US confirms chemical weapons use in Syria
The Syrian regime has used chemical weapons in the civil war multiple times in the last year and in some cases deaths resulted, the White House said Thursday, dpa reported.
"Our intelligence community now has a high confidence assessment that chemical weapons have been used on a small scale by the Assad regime in Syria," the White House said in a statement. "The president has said that the use of chemical weapons would change his calculus, and it has."
It said an assessment conducted by US intelligence organizations shows that the nerve agent sarin was used and between 100 and 150 people have died in the attacks.
While the deaths make up only a small portion of the more than 90,000 deaths in the war, "the use of chemical weapons violates international norms and crosses clear red lines that have existed within the international community for decades," the White House said in a statement.
US President Barack Obama previously has said that the use of chemical weapons is a "red line" for the United States. The statement did not say what actions the United States would take, but prominent Republican senators urged military action.
US Senators John McCain and Lindsey Graham said they agreed that the finding must affect US policy toward Syria.
"The President's red line has been crossed," McCain and Graham said in a joint statement. "US credibility is on the line. Now is not the time to merely take the next incremental step. Now is the time for more decisive actions."
"A decision to provide lethal assistance, especially ammunition and heavy weapons, to opposition forces in Syria is long overdue," they said, adding they hoped Obama would take this that step.
They also urged Obama to rally an international coalition to take military actions to blunt Bashar al-Assad's ability to use airpower and ballistic missiles and to move and resupply his forces.
Fighting in the country has shown no sign of abating. At least 93,000 have been killed in the war, the UN human rights office said Thursday.
The death rate has risen to an average of 5,000 per month since July last year, according to the estimate, which includes only documented killings.
The office's previous estimate stood at 60,000, as of late November, while UN General Assembly President Vuk Jeremic had talked of 80,000 deaths in May.
The real fatality figure, however, could be much higher, as 38,000 unverified deaths have not been included in the latest estimate.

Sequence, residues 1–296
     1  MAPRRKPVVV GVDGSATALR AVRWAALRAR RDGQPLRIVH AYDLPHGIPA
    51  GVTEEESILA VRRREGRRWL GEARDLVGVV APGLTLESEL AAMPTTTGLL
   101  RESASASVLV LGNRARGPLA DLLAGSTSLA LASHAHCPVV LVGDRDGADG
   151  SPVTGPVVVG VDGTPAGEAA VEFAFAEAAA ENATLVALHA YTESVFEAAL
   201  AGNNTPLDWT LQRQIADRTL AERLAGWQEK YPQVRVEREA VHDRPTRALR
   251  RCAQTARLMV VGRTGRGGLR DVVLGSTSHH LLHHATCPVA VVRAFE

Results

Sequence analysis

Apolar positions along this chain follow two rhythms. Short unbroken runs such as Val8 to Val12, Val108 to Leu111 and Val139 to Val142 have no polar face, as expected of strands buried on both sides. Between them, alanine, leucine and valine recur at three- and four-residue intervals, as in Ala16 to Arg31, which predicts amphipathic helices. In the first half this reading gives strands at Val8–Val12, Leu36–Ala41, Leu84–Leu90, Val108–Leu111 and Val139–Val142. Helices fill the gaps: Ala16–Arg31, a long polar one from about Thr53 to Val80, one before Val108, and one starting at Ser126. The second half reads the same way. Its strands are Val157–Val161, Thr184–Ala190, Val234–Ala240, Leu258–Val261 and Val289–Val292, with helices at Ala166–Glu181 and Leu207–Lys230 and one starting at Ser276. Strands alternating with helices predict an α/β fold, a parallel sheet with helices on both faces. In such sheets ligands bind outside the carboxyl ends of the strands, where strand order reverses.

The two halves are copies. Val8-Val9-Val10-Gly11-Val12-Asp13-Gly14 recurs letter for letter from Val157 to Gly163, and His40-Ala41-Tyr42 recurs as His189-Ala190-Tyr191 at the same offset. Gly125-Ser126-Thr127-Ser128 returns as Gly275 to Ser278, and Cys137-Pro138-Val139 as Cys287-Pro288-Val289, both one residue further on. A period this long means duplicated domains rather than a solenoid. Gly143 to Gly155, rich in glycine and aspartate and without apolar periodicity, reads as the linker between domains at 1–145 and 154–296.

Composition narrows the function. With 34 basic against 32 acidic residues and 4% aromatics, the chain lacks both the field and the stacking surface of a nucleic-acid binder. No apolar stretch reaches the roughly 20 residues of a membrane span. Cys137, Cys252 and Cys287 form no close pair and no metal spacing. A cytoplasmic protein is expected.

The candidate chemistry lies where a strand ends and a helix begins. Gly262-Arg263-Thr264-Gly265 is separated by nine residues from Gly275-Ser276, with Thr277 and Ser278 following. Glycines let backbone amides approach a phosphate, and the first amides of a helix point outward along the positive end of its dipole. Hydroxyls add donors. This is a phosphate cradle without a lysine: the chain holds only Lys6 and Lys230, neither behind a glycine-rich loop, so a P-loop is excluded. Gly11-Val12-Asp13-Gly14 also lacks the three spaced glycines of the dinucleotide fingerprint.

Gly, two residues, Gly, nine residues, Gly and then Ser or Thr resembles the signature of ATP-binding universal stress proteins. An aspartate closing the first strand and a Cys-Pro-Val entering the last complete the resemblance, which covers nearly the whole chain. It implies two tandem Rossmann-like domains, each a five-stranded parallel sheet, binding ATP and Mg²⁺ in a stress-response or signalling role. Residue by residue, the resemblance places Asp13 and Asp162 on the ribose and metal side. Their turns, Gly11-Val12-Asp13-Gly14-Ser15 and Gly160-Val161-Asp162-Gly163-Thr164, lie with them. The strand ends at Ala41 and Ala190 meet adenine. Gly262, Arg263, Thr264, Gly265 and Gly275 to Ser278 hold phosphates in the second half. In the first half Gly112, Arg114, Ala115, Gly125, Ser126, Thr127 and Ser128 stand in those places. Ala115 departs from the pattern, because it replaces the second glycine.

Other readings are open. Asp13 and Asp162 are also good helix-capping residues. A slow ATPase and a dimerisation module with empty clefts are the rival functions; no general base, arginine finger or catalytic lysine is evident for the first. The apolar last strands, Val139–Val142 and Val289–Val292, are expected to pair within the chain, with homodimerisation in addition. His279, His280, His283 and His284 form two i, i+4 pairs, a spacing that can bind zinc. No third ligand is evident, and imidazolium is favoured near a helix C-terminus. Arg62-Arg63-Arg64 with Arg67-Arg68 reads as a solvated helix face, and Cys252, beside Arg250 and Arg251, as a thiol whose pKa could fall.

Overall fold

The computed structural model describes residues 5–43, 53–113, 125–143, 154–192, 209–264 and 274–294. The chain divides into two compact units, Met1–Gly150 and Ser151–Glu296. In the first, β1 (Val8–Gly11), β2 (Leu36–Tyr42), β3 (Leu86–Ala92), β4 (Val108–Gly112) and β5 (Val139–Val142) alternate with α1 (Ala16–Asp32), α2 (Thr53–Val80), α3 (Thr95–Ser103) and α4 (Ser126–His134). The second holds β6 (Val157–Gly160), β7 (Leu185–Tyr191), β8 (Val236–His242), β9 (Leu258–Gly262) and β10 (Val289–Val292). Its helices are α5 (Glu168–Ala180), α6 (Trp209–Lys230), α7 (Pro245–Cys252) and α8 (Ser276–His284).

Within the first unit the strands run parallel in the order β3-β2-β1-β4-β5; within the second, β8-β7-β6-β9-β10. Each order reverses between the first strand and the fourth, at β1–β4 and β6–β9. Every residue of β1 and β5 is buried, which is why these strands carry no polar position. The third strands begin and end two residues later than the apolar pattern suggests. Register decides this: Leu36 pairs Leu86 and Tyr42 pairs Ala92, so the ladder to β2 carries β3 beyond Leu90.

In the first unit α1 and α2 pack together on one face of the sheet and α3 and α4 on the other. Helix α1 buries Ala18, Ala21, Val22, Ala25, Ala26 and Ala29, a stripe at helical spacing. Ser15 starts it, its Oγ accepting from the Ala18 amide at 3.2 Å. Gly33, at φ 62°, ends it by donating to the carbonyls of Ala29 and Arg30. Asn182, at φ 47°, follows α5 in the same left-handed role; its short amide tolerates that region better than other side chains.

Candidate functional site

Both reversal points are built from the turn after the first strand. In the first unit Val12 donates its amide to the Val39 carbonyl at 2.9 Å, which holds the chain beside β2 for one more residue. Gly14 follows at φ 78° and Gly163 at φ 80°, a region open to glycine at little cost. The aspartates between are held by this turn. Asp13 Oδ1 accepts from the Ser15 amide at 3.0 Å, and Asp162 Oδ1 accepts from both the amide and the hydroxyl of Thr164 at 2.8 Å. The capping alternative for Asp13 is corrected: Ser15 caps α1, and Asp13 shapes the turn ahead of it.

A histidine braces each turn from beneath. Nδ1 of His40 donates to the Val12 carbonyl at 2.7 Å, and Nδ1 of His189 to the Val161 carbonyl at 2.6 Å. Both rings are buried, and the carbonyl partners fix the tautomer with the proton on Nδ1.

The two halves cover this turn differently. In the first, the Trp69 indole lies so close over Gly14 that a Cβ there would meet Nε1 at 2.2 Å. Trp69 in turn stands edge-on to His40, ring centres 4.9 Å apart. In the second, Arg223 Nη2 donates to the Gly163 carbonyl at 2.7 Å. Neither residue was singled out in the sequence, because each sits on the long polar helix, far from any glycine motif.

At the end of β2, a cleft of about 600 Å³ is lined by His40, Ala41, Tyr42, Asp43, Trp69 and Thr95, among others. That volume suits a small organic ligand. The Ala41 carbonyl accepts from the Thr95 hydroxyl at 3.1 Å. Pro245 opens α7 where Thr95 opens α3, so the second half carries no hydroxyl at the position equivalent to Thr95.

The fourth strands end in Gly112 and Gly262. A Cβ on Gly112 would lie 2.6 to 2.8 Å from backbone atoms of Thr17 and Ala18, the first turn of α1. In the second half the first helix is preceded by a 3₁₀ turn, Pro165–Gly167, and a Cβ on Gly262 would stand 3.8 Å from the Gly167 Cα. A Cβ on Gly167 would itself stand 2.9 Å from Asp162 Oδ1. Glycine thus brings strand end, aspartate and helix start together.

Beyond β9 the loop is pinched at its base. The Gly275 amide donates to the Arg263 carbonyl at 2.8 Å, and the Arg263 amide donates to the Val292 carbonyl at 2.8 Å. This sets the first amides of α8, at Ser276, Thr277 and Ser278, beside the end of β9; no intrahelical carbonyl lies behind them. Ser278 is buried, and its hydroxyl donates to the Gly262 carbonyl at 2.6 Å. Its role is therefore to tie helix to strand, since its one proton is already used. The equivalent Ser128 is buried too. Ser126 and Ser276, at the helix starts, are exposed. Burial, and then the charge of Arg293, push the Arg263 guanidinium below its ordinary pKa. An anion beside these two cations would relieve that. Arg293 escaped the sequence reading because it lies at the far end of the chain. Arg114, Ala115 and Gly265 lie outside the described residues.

"The constant flow of killings continues at shockingly high levels - with more than 5,000 killings documented every month since last July, including a total of just under 27,000 new killings since 1 December," UN High Commissioner for Human Rights Navi Pillay said.
Civilians have borne the brunt of the conflict, which started with peaceful anti-government protests in March 2011, according to the report.
"This extremely high rate of killings, month after month, reflects the drastically deteriorating pattern of the conflict over the past year," Pillay said in Geneva.
Inside Syria, meanwhile, rebels attacked the Damascus airport, reported state media and the opposition.
Mortar shells landed in the vicinity of the airport south-east of Damascus, causing delays for incoming flights, according to Syrian Transport Minister Mahmoud Said. Some employees were slightly injured by broken glass and air traffic was briefly disrupted.
The pro-opposition Syrian Observatory for Human Rights said rebels, fighting to oust al-Assad, targeted the airport with home-made rockets.
Elsewhere, rebels seized a major military base in the central province of Hama, a significant gain for opposition forces after recent losses, reported the Britain-based Observatory.
It added that regime troops were shelling the base, which is located on the outskirts of the town of Morek, near a highway linking Damascus to Aleppo.
Al-Assad's troops, backed by the Lebanese Shiite Hezbollah movement, last week retook control of the strategic town of al-Kussair in the central province of Homs.
Recent battleground gains have boosted the morale of regime forces, who are reportedly pushing to regain other rebel-held areas.
In Cairo, Sunni Muslim clerics called on Muslims to join a jihad (holy war) on the side of Syria's rebels and boycott products from Iran, a staunch ally of al-Assad.
"The involvement of Hezbollah and Iran in Syria is tantamount to a declared war on Islam and Muslims," the clerics said at a pro-Syrian opposition conference.
"Muslims must save the Syrian people from this criminal sectarian regime," they added in a statement.
The majority of rebel fighters in Syria are Sunnis. Syrian government troops are mostly Alawite, an offshoot of Shiite Islam to which al-Assad belongs.